“You are already complicit in all these crimes, murders and torture of Ukrainians,” he said. ‘Because you were quiet. Because you are quiet. And now it’s time for you to choose. For men in Russia, this is a choice to die or live, to become crippled or to stay healthy. For women in Russia, the choice is to lose their husbands, sons and grandchildren forever, or still try to protect them from death, from war, from one person.”
The vote takes place against the backdrop of relentless fighting in Ukraine, with Russian and Ukrainian troops exchanging fire as both sides refuse to give up ground.
Oleh Synyehubov, Kharkiv Regional Governor, and the Region’s Police Chief, Volodymyr Timoshko, said at least 30 of the 436 bodies exhumed so far in Izium showed signs of torture. Among them were the bodies of 21 Ukrainian soldiers, some of whom were found with their hands tied behind their backs, they said.
Russian forces occupied Izium for six months before being driven out of the area by a Ukrainian counter-offensive earlier this month. The forest cemetery was discovered after residents said they should dig graves there.
The excavations, which began a week ago, are drawing to a close as researchers work to identify victims and the cause of death. There was a mobile DNA lab on the edge of the cemetery.
“Every body has its own story,” Synyehubov said.
Experts commissioned by the UN Human Rights Council also presented evidence of possible war crimes on Friday, including beatings, electric shocks and forced nudity in Russian detention centers, expressing deep concern about the killings the team was documenting in Kharkiv and the regions of Russia. Kiev, Chernihiv and Sumy.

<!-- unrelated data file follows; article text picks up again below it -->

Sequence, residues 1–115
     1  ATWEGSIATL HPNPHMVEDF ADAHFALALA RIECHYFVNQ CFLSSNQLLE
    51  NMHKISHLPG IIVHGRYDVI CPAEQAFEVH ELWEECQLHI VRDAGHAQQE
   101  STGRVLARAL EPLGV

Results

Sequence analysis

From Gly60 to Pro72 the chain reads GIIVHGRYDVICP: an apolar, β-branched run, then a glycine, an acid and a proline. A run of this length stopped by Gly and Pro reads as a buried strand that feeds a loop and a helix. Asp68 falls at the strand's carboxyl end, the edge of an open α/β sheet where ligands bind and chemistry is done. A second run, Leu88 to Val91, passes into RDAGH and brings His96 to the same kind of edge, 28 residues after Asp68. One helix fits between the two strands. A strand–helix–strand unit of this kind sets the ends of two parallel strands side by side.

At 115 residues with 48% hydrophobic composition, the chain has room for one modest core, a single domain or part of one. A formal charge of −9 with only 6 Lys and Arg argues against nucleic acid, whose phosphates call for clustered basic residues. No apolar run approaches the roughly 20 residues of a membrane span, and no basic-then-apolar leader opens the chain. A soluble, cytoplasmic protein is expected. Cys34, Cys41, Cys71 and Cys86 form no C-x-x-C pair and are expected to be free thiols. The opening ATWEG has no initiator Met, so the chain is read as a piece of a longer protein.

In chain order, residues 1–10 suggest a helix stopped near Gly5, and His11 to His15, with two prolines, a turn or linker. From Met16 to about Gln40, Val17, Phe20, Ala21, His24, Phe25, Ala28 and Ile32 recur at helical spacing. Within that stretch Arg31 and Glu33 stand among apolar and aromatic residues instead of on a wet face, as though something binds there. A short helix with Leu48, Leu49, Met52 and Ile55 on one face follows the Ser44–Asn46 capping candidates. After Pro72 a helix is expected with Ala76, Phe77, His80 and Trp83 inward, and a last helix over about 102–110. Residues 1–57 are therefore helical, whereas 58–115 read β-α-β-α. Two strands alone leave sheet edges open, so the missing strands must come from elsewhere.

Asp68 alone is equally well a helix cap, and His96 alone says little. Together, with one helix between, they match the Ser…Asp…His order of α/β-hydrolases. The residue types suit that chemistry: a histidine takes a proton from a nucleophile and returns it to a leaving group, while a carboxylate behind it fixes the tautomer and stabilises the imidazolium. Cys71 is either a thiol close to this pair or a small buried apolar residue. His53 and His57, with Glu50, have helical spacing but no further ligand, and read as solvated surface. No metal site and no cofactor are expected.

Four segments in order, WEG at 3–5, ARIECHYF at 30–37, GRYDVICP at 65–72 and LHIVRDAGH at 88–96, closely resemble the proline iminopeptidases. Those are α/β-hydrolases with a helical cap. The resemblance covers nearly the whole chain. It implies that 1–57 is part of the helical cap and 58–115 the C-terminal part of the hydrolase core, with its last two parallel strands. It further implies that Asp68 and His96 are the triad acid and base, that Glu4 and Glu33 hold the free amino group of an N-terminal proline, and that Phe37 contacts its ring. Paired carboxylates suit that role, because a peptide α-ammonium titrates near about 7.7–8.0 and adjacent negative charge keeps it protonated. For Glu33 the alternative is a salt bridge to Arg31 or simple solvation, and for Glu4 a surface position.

As the referendums began, more men in Russia prepared to join the fight in Ukraine. Russian President Vladimir Putin on Wednesday ordered a partial mobilization of reservists, who could add about 300,000 troops, according to the defense minister.
In cities across the vast country, men hugged their crying relatives before leaving as part of the call, raising fears that a wider march could follow. Russian anti-war activists planned to protest the mobilization on Saturday.
Ukraine’s presidential office said at least 10 civilians have been killed and 39 others injured by Russian shelling in nine regions of Ukraine in the past 24 hours.
It said fighting in southern Kherson continued during the vote, as Ukrainian forces launched 280 attacks on Russian command posts, ammunition depots and weapons in the region.
Heavy fighting also took place in the Donetsk region, with Russian attacks targeting Toretsk, Sloviansk and several smaller towns. Russian shelling in Nikopol and Marhanets on the western bank of the Dnieper River killed two people and injured nine in Marhanets.
Ukrainian Deputy Defense Minister Hanna Malyar said the number of military casualties could exceed 9,000 soldiers killed, as authorities still do not know how many died in the three-month siege of Mariupol, which started in May in May. hands of the Russians.
Malyar nevertheless said Ukraine’s losses were much smaller than Russia’s. Russian Defense Minister Sergei Shoigu previously reported that 5,937 Russian fighters were killed.